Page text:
As a child growing up smooshed in between the “Me” generation and the Millenials, I have always been told that I could be whatever I wanted when I grew up, and to follow my passion; pursue my dreams and the money will follow. After going to college, getting a real job, going back to college, and getting several other jobs, it started to dawn on me that this whole “pursue your dream” thing might not be the best strategy after all, (although I wouldn’t say I’ve completely abandoned the idea). So I was intrigued when I read this post from the blog Study Hacks by David Shenk, full-on condoning this sneaking suspicion I’ve had for awhile.
For the past couple years I’ve been advancing a controversial argument: “follow your passion” is bad advice.
I’m not against feeling passionate about your work — in fact, I think this is a fantastic goal. But from my experience studying this issue, passion is not something that you discover and then match a job to; it is, instead, something that grows over time along with your skills.
In other words, working right trumps finding the right work.
This viewpoint was also supported recently in a The New York Times article by David Brooks:
“College grads are often sent out into the world amid rapturous talk of limitless possibilities. But this talk is of no help to the central business of adulthood, finding serious things to tie yourself down to.”
more via Study Hacks » Features: Rethinking Passion.
It’s nice that “grown-ups” are finally acknowledging that we’re not all going to grow up to rock stars or astronauts. That there needs to be more behind “finding your passion” in order to succeed in a competitive capitalist market structure.
However, my vision is slightly skewed, because of how many people in my family DID follow their passions. My mom, my dad, two of my cousins, my husband, my mother-in-law, and multiple siblings-in-law, all of them made money at one point in their lives (or continue to) doing what they loved, following what was their “passion” at the time. Only a couple of them have made much money doing it, and many of them eventually got “real jobs.” But still, many of my family members were able to turn their passions into a career.
So I think there IS a part of the equation where passion is important; if the subject matter doesn’t interest you, then you’re asking for a looooong slog. The difference between their success and others’ failures, I think, is that they weren’t just “following” their dream; they all actively pursued it! They wrote up business plans and proposals. They sold their cars and slept of friends’ sofas and lived off of beans and rice while they got started. Maybe they were only able to pursue it part-time because they had to take a “real” job to pay rent. When more training was needed they got it. When long nights were needed, they put them in.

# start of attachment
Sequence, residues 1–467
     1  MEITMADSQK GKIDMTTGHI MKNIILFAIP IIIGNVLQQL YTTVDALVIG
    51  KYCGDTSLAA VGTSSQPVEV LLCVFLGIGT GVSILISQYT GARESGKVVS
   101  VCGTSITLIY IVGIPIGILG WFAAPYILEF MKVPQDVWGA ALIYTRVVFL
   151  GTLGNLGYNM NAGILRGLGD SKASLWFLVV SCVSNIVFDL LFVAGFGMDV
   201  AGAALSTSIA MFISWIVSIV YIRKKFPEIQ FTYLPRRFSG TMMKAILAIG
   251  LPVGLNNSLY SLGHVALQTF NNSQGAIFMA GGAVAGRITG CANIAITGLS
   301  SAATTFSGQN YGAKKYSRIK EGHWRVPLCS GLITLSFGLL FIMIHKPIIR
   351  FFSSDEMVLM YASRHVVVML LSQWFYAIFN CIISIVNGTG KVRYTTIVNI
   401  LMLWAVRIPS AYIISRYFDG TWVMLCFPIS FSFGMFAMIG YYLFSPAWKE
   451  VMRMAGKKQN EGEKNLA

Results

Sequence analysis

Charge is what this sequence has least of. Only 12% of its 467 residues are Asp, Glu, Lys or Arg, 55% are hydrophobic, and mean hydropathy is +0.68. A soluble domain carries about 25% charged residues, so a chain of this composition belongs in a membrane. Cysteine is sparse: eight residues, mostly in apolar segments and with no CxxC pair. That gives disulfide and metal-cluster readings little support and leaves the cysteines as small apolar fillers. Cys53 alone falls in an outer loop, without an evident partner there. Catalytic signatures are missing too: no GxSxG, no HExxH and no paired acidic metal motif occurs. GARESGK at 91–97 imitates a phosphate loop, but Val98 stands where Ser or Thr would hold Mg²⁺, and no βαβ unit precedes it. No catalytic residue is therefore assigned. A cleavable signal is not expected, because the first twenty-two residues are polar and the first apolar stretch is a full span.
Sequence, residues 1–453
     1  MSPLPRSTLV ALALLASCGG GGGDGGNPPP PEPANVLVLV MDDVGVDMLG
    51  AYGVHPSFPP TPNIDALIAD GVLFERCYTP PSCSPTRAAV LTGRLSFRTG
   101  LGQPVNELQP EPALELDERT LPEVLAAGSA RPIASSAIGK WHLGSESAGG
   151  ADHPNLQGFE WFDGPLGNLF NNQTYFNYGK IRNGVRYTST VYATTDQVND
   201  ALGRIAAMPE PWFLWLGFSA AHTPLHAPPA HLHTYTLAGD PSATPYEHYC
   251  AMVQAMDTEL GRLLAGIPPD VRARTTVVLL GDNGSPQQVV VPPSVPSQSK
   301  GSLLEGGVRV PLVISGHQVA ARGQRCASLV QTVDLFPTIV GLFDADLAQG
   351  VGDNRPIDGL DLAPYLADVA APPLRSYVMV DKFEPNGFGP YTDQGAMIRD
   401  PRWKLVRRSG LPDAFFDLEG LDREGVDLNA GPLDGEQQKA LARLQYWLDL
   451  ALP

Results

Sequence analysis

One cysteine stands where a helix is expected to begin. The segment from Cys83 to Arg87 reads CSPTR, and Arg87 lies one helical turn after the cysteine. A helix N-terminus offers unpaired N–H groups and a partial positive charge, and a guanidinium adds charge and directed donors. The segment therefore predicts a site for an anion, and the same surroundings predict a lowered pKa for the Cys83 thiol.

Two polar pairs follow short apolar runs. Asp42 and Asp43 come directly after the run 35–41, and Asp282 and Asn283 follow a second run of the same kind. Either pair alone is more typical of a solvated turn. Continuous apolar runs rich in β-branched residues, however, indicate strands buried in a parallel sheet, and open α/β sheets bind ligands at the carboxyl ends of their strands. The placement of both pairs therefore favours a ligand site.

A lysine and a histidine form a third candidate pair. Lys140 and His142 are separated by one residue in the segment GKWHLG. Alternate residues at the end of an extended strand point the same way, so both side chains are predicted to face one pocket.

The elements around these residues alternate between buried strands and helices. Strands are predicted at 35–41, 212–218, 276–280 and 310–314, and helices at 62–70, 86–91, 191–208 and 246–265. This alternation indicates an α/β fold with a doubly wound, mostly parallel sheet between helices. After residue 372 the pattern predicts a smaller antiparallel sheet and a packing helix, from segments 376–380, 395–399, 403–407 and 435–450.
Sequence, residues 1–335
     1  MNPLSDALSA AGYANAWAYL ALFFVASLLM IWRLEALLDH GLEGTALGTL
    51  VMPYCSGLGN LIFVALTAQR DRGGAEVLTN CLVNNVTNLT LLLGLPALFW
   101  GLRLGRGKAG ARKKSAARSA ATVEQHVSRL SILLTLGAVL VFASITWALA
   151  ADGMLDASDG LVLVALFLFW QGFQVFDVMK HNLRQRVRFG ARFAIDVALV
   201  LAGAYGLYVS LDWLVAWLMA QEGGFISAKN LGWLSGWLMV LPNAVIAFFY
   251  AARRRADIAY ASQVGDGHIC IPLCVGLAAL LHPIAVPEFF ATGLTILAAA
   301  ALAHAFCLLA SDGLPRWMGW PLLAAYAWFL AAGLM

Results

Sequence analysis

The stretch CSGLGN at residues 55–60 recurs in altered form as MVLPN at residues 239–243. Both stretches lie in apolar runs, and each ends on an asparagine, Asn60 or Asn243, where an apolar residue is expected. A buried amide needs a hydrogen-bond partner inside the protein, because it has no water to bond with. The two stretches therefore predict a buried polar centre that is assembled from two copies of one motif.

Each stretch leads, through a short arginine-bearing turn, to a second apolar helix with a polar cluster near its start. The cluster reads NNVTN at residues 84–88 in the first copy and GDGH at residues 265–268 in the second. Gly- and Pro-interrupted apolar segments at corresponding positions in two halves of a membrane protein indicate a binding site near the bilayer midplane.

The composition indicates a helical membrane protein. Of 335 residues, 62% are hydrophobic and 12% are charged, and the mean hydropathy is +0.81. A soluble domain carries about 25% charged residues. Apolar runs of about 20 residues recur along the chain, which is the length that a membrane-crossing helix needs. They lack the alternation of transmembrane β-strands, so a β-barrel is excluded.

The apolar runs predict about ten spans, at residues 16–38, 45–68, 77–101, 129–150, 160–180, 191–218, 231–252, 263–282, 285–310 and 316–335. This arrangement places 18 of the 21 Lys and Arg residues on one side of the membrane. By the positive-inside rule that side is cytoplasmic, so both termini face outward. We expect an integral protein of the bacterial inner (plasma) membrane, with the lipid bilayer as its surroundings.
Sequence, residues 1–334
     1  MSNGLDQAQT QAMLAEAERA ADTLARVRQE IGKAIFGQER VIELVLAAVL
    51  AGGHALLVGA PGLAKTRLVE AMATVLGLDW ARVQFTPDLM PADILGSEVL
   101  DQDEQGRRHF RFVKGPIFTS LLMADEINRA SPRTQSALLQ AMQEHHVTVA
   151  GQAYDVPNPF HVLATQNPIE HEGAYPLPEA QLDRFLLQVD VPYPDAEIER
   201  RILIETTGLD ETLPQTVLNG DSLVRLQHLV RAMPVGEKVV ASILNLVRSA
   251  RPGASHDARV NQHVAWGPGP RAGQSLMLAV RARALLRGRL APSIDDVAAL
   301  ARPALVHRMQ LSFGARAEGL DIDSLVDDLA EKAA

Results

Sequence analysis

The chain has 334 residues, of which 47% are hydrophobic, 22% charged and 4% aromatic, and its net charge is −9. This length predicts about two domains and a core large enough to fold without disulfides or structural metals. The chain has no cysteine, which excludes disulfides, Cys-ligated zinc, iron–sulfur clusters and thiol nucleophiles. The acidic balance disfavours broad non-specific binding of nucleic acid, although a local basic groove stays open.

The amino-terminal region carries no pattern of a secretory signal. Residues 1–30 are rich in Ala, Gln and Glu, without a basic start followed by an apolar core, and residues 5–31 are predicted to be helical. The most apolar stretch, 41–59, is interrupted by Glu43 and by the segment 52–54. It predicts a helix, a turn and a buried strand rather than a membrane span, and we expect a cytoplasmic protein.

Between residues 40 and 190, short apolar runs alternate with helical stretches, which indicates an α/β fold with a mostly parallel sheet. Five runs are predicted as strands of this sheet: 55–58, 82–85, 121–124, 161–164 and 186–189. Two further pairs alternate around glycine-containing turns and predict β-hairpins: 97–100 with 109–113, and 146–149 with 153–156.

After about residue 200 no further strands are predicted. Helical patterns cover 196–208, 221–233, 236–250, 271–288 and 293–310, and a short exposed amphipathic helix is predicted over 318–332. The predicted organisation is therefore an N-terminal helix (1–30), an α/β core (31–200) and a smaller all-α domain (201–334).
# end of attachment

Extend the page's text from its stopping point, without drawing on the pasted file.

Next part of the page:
I think the idea is we are more motivated to put these long hours in if we are passionate about something. However, I do think both Brooks and Shenk are also right in that it is NOT always fun, it is NOT always easy, and there is realistically more value in dedicating yourself to what you are doing right now!
Another factor is prioritizing what’s important to you, including your time. In the world of the desk job and remote access, there is more flexibility. I think it is harder to be dedicated to something than simply passionate about it. Stenk has a great post from last year about how to love your career. I’m sure I’m butchering the message, but basically it comes down to
- feeling like you have control of your own destiny,
- you’re making a difference (in any small way),
- and that you’re good at what you do.
That certainly matches up with the most successful entrepreneurs in my family. They valued the autonomy over their lives, and they were GOOD at what they did, but it came from years of training and hard work.
It definitely adds some much-needed perspective to the question, “what do you want to be when you grow up?”